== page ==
Local News

Retail spending in DeKalb County is up even as pandemic progresses onwards

DeKalb expects to see about a 3.7% increase in revenue from an uptick in spending in 2022

Navigation sign to locations inside the City of DeKalb at the intersection of Peace Road and Route 38 in DeKalb, IL on Thursday, May 13, 2021.

Despite the COVID-19 pandemic, DeKalb County residents still are spending money, although municipal leaders say it’s tougher than you think to pinpoint what’s driving it.

“There were quite a few months low last year,” Genoa Village Administrative Director Alyssa Seguss said of retail sales tax collection revenue, which is the amount of money municipalities collect from retail sales in Genoa. “It was surprisingly similar to previous years.”

Cities across Illinois are having a banner year in retail sales and, yes, it’s partly a bounce-back after infection controls kept shoppers and visitors home much of 2020. But the totals have climbed well past what city officials saw coming. They think the records are busting because cities now get a slice of online sales, too.

In Illinois, use tax rates are 6.25% of the purchase price of general merchandise and 1% of the purchase price of qualifying food, drugs and medical appliances.

The U.S. Supreme Court handed down a decision in 2018, South Dakota vs. Wayfair, Inc., that lets the states collect sales tax from out-of-state vendors that sell over the internet. It took a while for Springfield to work it out, but cities now are getting their share of online sales, too.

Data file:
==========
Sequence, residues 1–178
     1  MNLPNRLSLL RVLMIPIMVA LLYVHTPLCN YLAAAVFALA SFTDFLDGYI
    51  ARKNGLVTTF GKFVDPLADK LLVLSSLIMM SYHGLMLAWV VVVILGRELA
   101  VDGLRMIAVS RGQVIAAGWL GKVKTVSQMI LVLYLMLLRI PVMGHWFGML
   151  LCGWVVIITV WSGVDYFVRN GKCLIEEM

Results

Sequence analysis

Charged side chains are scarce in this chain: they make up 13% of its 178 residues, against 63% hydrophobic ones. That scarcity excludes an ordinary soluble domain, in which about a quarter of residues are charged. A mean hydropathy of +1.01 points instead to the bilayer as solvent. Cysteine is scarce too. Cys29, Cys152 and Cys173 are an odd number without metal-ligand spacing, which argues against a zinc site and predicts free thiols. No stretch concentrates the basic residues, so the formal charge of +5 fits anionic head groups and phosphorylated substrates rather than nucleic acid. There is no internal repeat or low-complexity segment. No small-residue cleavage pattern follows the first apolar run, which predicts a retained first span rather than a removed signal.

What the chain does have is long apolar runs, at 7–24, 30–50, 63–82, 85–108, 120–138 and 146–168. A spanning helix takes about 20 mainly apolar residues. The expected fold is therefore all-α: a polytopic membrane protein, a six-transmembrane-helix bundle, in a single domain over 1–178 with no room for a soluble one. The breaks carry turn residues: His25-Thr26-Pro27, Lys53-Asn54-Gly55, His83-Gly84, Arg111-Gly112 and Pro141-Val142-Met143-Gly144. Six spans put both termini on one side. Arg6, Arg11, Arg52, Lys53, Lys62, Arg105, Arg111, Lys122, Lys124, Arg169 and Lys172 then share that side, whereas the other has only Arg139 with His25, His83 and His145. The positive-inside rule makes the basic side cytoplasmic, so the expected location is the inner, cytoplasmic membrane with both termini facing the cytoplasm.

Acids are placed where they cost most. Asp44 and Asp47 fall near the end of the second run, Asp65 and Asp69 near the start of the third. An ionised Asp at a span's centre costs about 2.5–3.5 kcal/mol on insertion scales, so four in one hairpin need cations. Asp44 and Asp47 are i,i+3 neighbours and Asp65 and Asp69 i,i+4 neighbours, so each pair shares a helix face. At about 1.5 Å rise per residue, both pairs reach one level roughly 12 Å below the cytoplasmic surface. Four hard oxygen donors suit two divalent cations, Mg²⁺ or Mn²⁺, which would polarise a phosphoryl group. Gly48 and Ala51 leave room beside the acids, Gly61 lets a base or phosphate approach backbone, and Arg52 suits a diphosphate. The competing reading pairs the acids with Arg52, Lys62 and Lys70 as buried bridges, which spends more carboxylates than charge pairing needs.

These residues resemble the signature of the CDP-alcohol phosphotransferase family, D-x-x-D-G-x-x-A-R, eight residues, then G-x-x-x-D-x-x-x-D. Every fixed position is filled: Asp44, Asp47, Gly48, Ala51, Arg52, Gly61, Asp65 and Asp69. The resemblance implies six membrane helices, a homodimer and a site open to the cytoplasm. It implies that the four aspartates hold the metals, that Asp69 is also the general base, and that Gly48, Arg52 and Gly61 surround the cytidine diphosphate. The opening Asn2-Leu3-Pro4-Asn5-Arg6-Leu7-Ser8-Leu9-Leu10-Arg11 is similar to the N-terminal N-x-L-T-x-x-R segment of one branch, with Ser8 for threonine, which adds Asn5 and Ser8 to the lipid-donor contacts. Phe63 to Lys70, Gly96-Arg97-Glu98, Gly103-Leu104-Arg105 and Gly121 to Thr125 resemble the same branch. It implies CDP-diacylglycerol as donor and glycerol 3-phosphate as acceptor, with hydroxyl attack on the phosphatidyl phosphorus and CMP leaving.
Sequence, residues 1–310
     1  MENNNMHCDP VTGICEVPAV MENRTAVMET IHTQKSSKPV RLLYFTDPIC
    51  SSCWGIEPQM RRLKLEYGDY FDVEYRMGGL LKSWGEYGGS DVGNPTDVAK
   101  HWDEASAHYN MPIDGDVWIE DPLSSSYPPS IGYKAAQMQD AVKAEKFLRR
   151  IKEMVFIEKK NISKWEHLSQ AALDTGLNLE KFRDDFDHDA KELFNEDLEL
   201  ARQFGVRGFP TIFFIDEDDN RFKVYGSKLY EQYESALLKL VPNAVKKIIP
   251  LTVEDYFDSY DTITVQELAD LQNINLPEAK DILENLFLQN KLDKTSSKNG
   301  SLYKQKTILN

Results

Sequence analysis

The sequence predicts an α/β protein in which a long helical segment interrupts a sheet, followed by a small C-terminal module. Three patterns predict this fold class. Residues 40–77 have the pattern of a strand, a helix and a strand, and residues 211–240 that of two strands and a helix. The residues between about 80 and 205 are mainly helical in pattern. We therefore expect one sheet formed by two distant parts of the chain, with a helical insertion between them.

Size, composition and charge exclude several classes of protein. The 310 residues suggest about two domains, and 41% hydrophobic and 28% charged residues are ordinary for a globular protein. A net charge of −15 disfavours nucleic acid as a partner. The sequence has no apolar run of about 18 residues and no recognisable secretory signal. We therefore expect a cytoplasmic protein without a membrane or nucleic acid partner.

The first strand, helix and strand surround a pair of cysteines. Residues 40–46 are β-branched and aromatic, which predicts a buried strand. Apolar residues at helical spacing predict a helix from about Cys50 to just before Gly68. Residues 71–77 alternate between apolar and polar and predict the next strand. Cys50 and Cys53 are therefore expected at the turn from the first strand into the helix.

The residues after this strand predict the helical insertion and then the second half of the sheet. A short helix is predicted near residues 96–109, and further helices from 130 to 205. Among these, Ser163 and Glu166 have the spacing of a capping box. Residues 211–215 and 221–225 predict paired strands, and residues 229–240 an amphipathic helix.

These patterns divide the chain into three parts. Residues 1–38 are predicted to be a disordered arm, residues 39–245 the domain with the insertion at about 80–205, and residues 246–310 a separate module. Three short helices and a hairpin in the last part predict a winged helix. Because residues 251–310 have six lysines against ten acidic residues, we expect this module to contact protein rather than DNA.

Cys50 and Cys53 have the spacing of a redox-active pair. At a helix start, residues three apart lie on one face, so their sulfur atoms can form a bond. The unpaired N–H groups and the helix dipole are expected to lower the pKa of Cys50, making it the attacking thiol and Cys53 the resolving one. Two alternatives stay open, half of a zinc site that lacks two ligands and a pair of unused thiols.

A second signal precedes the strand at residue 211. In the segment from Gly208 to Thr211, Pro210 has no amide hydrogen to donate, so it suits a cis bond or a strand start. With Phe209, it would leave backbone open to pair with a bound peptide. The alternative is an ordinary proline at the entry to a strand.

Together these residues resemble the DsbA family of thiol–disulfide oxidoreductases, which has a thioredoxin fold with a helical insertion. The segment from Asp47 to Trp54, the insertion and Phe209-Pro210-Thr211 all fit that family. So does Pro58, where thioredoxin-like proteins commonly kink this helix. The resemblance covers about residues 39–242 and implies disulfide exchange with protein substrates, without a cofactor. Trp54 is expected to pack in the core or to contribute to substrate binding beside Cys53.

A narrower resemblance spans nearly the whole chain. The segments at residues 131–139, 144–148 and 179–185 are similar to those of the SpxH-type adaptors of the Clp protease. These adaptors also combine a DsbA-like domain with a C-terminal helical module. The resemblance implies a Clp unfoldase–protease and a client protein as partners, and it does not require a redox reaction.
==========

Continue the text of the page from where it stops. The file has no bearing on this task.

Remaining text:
How much of the influx is because of online shopping such as retailer giant Amazon? City officials interviewed for this story say the problem is pinpointing which factor is most responsible for the influx of cash.

In Genoa, records show sales tax revenue averaged $54,500 for fiscal 2021, from May 2020 through April 2021, with the total sales tax revenue being $654,002.

For May 2021, Genoa collected $54,118, compared to $57,513 in 2020 and $61,573 in 2019. In June through September, Genoa collected an average of $56,133, more than the average of $55,986 during those months in 2020 and $58,189 in 2019.

“It’s been really great to see people downtown again, in businesses shopping and attending events,” Seguss said.

Many Genoa events, including Genoa Days and Celebrate the Season, were not held in 2020 or 2021 because of the COVID-19 pandemic.

“We expect 2022 to be even higher than in previous years due to the return to in-person shopping,” Seguss said.

Seguss said that the city of Genoa places the sales tax revenue collected into the city’s general fund, which prioritizes street maintenance and public safety. She said with this past year’s sales tax, the city plans on improving streets and hiring a new police officer.

In the future, Seguss said the city plans on expanding business east of Route 72, which will add sales and property tax to the city’s general fund.

“We are very thankful our small businesses were able to weather the storm and are still surviving through the pandemic,” she said. “It’s important to continuing supporting those local businesses, because they – and the sales tax they generate – provide critical services to our city.”

The city of DeKalb expects to see about a 3.7% increase in revenue from an uptick in spending in 2022, which DeKalb City Manager Bill Nicklas called modest amid a decline in city population over the past decade.